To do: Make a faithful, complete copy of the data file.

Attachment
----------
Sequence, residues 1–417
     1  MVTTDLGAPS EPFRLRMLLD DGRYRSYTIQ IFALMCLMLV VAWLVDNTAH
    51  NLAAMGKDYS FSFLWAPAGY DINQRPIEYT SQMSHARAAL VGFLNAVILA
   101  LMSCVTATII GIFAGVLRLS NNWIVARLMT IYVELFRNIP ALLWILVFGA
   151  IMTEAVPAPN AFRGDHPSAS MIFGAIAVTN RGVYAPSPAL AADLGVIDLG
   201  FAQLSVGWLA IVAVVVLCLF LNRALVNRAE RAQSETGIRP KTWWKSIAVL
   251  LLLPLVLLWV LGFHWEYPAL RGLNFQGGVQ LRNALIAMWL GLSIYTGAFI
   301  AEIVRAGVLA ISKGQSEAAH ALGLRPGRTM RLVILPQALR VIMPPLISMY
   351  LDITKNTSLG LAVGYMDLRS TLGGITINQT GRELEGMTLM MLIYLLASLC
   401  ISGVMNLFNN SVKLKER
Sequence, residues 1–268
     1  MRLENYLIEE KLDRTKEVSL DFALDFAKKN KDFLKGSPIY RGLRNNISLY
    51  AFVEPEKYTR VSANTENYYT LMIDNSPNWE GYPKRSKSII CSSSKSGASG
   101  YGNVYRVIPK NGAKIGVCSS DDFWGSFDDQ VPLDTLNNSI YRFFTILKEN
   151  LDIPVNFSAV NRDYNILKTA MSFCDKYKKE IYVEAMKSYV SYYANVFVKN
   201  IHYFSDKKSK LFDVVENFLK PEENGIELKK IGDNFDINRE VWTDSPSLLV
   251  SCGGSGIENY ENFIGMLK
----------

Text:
Sequence, residues 1–417
     1  MVTTDLGAPS EPFRLRMLLD DGRYRSYTIQ IFALMCLMLV VAWLVDNTAH
    51  NLAAMGKDYS FSFLWAPAGY DINQRPIEYT SQMSHARAAL VGFLNAVILA
   101  LMSCVTATII GIFAGVLRLS NNWIVARLMT IYVELFRNIP ALLWILVFGA
   151  IMTEAVPAPN AFRGDHPSAS MIFGAIAVTN RGVYAPSPAL AADLGVIDLG
   201  FAQLSVGWLA IVAVVVLCLF LNRALVNRAE RAQSETGIRP KTWWKSIAVL
   251  LLLPLVLLWV LGFHWEYPAL RGLNFQGGVQ LRNALIAMWL GLSIYTGAFI
   301  AEIVRAGVLA ISKGQSEAAH ALGLRPGRTM RLVILPQALR VIMPPLISMY
   351  LDITKNTSLG LAVGYMDLRS TLGGITINQT GRELEGMTLM MLIYLLASLC
   401  ISGVMNLFNN SVKLKER
Sequence, residues 1–268
     1  MRLENYLIEE KLDRTKEVSL DFALDFAKKN KDFLKGSPIY RGLRNNISLY
    51  AFVEPEKYTR VSANTENYYT LMIDNSPNWE GYPKRSKSII CSSSKSGASG
   101  YGNVYRVIPK NGAKIGVCSS DDFWGSFDDQ VPLDTLNNSI YRFFTILKEN
   151  LDIPVNFSAV NRDYNILKTA MSFCDKYKKE IYVEAMKSYV SYYANVFVKN
   201  IHYFSDKKSK LFDVVENFLK PEENGIELKK IGDNFDINRE VWTDSPSLLV
   251  SCGGSGIENY ENFIGMLK